My friend Beth lives across the street from the rural cemetery in the town of Chatham, in New York’s lush Hudson Valley. On summer visits from bone-dry L.A., it’s a balm to walk between the pair of centuries-old sentinel maples into the cemetery’s vast silent greenspace; to stroll the rows of mossy granite headstones, shaded by ancient hawthorns and oaks.
I calibrate lifespans– the gravestones of women whose lives ended in their twenties in childbirth or flu pandemic. I ponder those who lived across the cusp of centuries and savor the musicality of their names: TenBroek and Van Tassell, DeMoranville. I always visit the graves of the three veterans of the Union Army’s “Colored Infantry,” their names erased by wind and rain on stone. Small headstones mark births and deaths of children who succumbed perhaps to whooping cough, diphtheria—- sending my thoughts veering to front page photos: young children dying now in besieged Aleppo.
Usually when we walk, we’re the only ones there.
A few days ago, we encountered a rare invasion: pick-ups parked along the gravel drive; young men with weed whackers cleaning around graves. What had summoned so many volunteers on a hot afternoon? A friendly matron collecting litter filled us in: a WW2 soldier was soon to return home. She pointed to a grave bedecked with small American flags where the remains of PFC George Traver, a Marine born in Chatham in 1918, will soon be re-interred from a mass grass on Tarawa, a coral atoll in the Pacific. Travers died there in November 1943, along with a thousand other Marines and some 4500 Japanese (most of whom fought to their death rather than surrender)– in one of the most hideous battles of the Pacific War. Exposed to the heat, the bodies decomposed quickly and the Marines buried their dead in one large grave. A Florida-based group called History Flight discovered Traver’s remains along with 35 other fallen Marines in May 2015.New radar penetrating technology revealed the decades-old mass grave on Tarawa, and George’s remains were sent—with those of the other Marines—to an Army facility in Hawaii. They identified him by dental records and the Boy Scout knife in his pocket. He’d written to his mother requesting it, wanting to carry into battle a souvenir from home.
George Traver will be buried next to his Gold Star mother, Nellie V. Cramer, who received a Western Union telegram on December 23, 1943: “Deeply regret to inform you that your son was killed in action in performance of his duty and in the service of his country.”
Our now-tearful informant added that George’s mother waited thirty-five years for him, “until she couldn’t wait anymore.” For the ceremony coming up on August 29th, she added, there would be “full military honors—a firing squad and all…” I knew she meant a twelve-gun salute.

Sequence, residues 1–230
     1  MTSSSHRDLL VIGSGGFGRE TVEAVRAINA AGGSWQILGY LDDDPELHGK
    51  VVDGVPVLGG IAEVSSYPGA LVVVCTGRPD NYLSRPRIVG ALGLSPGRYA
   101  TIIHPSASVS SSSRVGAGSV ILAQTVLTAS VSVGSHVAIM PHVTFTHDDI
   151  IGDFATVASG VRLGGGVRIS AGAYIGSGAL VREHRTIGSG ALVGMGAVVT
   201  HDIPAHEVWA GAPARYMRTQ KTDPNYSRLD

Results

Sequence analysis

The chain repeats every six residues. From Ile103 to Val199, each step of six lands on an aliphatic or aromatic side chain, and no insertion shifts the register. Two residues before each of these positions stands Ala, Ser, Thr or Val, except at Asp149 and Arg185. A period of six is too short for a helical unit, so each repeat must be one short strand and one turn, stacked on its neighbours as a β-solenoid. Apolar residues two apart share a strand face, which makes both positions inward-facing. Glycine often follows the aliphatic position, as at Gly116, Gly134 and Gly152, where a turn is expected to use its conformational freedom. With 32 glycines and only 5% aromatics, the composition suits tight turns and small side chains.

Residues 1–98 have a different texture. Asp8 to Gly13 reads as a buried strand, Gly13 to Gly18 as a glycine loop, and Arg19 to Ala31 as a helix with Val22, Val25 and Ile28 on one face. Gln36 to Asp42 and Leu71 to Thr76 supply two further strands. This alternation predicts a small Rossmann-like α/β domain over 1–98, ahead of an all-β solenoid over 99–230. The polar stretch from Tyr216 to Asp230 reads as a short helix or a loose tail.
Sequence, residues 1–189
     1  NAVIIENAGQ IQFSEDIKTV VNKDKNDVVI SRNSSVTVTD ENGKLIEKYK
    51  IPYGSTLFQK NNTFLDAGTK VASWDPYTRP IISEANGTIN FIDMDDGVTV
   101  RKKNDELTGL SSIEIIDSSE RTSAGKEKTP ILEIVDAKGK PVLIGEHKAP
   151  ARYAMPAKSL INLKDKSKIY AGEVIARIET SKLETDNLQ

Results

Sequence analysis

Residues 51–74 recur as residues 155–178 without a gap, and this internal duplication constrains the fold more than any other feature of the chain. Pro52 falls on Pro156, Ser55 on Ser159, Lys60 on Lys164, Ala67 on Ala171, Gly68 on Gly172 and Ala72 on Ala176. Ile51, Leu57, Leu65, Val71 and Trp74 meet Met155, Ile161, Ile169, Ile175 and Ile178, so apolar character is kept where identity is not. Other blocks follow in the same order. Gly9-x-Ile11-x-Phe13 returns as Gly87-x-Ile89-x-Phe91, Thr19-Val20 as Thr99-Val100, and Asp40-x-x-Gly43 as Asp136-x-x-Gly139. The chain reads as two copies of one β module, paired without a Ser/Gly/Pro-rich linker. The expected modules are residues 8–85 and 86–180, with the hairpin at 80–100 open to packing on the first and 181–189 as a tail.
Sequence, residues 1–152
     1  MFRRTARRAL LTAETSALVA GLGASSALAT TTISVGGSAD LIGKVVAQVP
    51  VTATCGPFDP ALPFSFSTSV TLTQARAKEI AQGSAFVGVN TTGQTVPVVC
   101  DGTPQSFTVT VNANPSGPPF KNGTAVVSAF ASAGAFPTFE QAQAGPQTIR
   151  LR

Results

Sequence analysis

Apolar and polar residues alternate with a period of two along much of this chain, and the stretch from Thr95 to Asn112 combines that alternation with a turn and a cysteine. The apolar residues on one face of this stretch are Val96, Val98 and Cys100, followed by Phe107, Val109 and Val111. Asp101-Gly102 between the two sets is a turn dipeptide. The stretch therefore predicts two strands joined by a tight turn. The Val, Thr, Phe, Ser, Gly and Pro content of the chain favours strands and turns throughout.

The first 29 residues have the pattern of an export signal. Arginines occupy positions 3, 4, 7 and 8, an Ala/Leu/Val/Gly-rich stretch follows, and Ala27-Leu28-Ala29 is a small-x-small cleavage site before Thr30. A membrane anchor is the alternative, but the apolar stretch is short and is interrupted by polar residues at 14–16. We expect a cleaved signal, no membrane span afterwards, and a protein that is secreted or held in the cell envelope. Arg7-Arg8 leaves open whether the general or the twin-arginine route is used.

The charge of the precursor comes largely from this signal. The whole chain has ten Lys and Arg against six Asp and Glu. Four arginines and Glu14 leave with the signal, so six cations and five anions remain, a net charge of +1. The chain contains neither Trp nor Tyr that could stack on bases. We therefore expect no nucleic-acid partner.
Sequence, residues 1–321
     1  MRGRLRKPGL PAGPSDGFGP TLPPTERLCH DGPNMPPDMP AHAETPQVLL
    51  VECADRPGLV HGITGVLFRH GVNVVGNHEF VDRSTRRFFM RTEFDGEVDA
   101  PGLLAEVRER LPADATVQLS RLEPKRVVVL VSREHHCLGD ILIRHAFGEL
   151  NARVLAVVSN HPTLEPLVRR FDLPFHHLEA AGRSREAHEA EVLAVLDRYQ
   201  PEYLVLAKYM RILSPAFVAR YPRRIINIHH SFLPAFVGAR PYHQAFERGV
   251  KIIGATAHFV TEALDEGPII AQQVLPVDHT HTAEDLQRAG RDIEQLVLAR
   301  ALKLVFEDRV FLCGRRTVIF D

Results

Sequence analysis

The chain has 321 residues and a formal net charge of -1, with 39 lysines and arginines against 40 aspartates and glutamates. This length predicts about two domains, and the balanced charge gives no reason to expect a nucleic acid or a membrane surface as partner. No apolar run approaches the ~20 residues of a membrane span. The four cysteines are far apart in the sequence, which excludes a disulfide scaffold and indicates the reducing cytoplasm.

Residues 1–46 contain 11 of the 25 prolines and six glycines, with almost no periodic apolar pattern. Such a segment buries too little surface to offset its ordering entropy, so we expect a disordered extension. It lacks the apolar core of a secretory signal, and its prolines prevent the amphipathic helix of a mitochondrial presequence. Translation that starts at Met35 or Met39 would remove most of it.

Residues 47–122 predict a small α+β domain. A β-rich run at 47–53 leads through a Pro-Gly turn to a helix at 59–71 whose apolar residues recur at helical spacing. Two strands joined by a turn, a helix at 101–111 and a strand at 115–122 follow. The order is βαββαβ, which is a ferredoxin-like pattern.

On our way back, we paused in front of the grave of another younger Chatham veteran, Joseph J, Wright. he was born in 1987, fought in Iraq, came home in 2012 and died two years later, in 2014. By mistake, the metal plaque from the government with his birth/death dates was delivered by FED EX to Beth’s doorstep on Cemetery Road. She searched out the young man’s obit, noting requested donations to the Wounded Warrior Project. The photo attached to this still-shiny headstone shows a handsome young man in uniform, “a beloved husband and father.”
At dinner that night, we were joined by a mutual friend who grew up in Germany. When we told her about Private Traver’s impending return, and the mother who waited 35 years, she recalled an image from her own childhood right after the war: her young aunt sitting by the radio each night, listening intently to Deutsches Roteskreuz, the German Red Cross broadcast, hope fading that her lost soldier husband had been found somewhere. No matter the war, someone is waiting at home. I learned this when I made the trip to Japan in 1995 to return the flag my own father acquired in combat to the family of Yoshio Shimizu, who was twenty-one when he died. “You brought us back Yoshio,” one cousin told me. “The government just sent sand in a box.”
On today’s early morning walk, I followed the path by the cemetery pond, surprising a great blue heron who took wing towards the cemetery’s new Jewish section. There are only a few graves so far, all recent. On the headstone of Saul Cohen, someone’s “beloved father and grandfather”—his kindred have left copious small stones—as is the custom. The summer sky is blue with voluminous moving clouds. Crows chant sporadically from the high branches of the elms, the dead sleep their sleep and soon—after long delay, and in this long summer of our national discomfort. Private First Class George Traver, a native of this town, will join them.